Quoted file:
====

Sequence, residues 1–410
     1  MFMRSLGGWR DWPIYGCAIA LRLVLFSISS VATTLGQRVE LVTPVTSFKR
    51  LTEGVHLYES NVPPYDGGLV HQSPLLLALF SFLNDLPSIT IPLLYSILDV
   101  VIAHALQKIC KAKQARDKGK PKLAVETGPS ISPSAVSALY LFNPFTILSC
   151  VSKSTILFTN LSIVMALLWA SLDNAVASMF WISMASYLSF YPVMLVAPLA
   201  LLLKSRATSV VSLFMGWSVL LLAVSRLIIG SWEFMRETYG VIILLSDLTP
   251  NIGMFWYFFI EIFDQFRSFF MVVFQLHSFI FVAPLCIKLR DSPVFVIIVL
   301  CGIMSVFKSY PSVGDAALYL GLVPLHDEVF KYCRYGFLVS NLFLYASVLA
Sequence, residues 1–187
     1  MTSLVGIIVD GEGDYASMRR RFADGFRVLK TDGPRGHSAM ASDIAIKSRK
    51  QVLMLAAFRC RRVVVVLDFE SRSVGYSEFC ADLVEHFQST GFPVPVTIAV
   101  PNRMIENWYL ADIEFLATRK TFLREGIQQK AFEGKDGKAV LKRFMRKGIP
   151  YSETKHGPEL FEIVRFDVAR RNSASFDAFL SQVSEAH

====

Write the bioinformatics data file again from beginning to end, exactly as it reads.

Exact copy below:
Sequence, residues 1–410
     1  MFMRSLGGWR DWPIYGCAIA LRLVLFSISS VATTLGQRVE LVTPVTSFKR
    51  LTEGVHLYES NVPPYDGGLV HQSPLLLALF SFLNDLPSIT IPLLYSILDV
   101  VIAHALQKIC KAKQARDKGK PKLAVETGPS ISPSAVSALY LFNPFTILSC
   151  VSKSTILFTN LSIVMALLWA SLDNAVASMF WISMASYLSF YPVMLVAPLA
   201  LLLKSRATSV VSLFMGWSVL LLAVSRLIIG SWEFMRETYG VIILLSDLTP
   251  NIGMFWYFFI EIFDQFRSFF MVVFQLHSFI FVAPLCIKLR DSPVFVIIVL
   301  CGIMSVFKSY PSVGDAALYL GLVPLHDEVF KYCRYGFLVS NLFLYASVLA
Sequence, residues 1–187
     1  MTSLVGIIVD GEGDYASMRR RFADGFRVLK TDGPRGHSAM ASDIAIKSRK
    51  QVLMLAAFRC RRVVVVLDFE SRSVGYSEFC ADLVEHFQST GFPVPVTIAV
   101  PNRMIENWYL ADIEFLATRK TFLREGIQQK AFEGKDGKAV LKRFMRKGIP
   151  YSETKHGPEL FEIVRFDVAR RNSASFDAFL SQVSEAH